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Parents and boys talk about the head in glowing terms. They say he has upped the academic ante, put an emphasis on kindness and smartened up the uniform. In turn, the head is full of praise for the pupils. ‘The boys are interesting, engaging and decent,’ he says. ‘They know their own minds but there is a reservoir of kindness there. People say that you never meet an unpleasant old Shirburnian and it’s true.’ Head loves the fact that Sherborne is ‘a proper boarding school’...

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What the school says...

Sherborne School, founded in 1550, is one of the leading independent schools in the country. Built around Sherborne Abbey in a beautiful, bustling, small market town, surrounded by the rolling Dorset scenery, it is a truly unique location. The benefits and advantages of the peaceful setting are enhanced by the ease of transport to London with a direct train from Waterloo to Sherborne.
All schools strive to provide the best education they can, which often comes down to academic success, a caring pastoral environment and a busy extra-curricular life. Sherborne offers all these, thriving on the balance between tradition and constant innovation and improvement.
Sherborne supports and challenges every boy to become a man of distinction and as an all-boys school, with neighbouring girls schools, we can use our lengthy experience of educating boys to shape our approach to their often different interests and learning styles, pastoral needs, and rates of development.
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International Study Centre - school has a linked, international study centre for overseas students wishing to improve their English.




What The Good Schools Guide says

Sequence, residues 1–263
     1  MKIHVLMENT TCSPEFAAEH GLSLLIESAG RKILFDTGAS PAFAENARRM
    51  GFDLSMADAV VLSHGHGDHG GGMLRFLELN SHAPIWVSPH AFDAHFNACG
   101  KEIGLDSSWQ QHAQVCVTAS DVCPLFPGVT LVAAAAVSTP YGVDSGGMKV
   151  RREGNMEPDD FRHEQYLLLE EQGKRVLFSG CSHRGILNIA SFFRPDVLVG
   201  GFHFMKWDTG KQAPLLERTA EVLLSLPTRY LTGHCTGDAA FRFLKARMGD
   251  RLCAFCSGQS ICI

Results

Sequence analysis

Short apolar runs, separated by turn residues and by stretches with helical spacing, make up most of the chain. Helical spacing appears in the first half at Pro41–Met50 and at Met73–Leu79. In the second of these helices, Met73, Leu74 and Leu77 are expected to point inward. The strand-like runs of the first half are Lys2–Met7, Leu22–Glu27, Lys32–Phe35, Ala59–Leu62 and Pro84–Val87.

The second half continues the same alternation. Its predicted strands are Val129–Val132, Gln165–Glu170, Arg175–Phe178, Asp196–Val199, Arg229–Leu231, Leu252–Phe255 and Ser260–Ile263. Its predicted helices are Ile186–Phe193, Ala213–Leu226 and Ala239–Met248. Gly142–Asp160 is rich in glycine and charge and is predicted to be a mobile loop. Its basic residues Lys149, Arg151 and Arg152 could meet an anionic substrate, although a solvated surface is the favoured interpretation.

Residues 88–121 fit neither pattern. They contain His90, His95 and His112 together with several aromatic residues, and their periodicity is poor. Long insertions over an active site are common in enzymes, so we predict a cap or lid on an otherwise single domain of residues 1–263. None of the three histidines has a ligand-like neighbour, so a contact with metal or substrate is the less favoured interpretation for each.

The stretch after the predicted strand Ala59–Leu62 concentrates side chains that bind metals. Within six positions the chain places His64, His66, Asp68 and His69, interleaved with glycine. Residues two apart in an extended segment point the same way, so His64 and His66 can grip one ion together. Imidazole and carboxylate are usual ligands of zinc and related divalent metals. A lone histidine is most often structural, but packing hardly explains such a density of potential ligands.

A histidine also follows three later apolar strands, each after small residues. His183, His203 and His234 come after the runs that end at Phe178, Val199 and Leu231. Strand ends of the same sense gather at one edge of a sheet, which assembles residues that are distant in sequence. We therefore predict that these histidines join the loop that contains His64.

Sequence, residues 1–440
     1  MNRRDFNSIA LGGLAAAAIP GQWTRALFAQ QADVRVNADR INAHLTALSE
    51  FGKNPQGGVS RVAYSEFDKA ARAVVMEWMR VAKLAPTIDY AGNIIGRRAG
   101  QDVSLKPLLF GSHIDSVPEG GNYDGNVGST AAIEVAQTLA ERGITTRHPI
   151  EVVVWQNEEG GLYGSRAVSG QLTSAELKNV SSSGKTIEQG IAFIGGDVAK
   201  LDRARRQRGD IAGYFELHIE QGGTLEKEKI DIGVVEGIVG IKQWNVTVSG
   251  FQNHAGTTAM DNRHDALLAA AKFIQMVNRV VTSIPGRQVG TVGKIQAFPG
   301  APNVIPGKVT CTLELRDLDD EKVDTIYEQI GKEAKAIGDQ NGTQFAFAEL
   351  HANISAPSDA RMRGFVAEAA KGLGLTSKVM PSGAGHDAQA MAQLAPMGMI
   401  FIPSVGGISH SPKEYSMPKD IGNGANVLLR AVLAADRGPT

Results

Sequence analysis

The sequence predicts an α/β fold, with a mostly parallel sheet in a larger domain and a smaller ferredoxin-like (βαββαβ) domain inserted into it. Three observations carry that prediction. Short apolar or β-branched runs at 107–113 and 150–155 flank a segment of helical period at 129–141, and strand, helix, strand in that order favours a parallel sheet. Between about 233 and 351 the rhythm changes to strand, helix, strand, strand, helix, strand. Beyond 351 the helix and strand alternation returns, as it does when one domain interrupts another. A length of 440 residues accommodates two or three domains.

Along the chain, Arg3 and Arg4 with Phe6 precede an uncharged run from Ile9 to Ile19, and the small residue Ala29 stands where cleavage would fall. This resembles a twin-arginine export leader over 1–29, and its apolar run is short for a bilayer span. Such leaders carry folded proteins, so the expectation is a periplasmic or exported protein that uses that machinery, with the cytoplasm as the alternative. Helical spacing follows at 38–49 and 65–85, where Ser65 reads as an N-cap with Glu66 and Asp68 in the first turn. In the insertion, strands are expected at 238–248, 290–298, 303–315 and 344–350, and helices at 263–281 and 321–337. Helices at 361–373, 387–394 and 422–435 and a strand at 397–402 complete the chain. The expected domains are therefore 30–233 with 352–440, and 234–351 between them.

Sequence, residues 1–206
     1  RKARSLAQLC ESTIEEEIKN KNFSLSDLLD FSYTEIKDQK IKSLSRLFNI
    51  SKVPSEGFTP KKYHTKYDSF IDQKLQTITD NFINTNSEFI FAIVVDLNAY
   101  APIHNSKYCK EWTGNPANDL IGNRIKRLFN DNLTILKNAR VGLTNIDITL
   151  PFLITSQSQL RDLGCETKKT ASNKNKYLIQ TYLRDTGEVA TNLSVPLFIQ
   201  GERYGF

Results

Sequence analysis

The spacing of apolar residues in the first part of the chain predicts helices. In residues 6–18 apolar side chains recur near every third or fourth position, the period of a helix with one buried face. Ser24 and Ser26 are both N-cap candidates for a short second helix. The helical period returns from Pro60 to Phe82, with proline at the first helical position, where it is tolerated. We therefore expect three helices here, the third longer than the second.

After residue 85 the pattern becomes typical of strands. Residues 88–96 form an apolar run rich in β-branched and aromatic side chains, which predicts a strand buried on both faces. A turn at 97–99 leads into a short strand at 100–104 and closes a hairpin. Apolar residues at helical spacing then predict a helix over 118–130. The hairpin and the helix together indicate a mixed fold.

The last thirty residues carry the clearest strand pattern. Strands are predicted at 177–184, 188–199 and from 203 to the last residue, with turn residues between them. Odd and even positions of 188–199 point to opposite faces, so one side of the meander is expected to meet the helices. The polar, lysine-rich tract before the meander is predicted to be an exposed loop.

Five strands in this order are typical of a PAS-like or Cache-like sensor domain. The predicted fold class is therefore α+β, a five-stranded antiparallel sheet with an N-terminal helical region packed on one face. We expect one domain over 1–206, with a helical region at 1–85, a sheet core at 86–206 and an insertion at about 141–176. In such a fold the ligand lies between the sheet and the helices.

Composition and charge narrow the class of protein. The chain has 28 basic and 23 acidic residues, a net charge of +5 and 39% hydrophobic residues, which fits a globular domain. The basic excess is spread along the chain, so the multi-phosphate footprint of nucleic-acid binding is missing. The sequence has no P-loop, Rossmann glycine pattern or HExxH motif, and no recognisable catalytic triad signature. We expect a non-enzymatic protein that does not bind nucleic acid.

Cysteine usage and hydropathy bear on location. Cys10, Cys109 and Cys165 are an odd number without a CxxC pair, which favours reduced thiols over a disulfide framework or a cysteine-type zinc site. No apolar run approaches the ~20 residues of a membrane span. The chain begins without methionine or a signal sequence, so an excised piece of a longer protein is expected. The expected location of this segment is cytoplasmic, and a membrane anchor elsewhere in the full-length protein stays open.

Since 2016, Dr Dominic Luckett (early 50s), previously head of Mill Hill School. Educated at King Edward VII Grammar School (now King Edward VII Academy) in King’s Lynn, the University of Leicester, where he gained a first in history, and Oxford, where he did his DPhil in early Tudor history. Encouraged by an inspirational history teacher, he was the first of his family to go to university. ‘I suspect that if it hadn’t been for him I would have ended up working in Sainsbury’s,’ he says. Taught for 11 years at Harrow School, where he was head of history and an assistant housemaster; subsequently moved to Worth School as deputy head. In 2007 he became head of Mill Hill School and chief executive of the Mill Hill School Foundation. He is an ISI inspector and a member of the University of Leicester’s governing body.

His wife Cara is a barrister and they live in a school house with their two young daughters. Head loves the fact that Sherborne is ‘a proper boarding school’ and ‘doesn’t empty out at weekends’. When he first visited he was delighted to see boys in their early teens playing tag in the school grounds. ‘You don’t get boys in north London playing tag,’ he says wryly, adding that boys at Sherborne get ‘a year to 18 months more childhood’ than their London counterparts.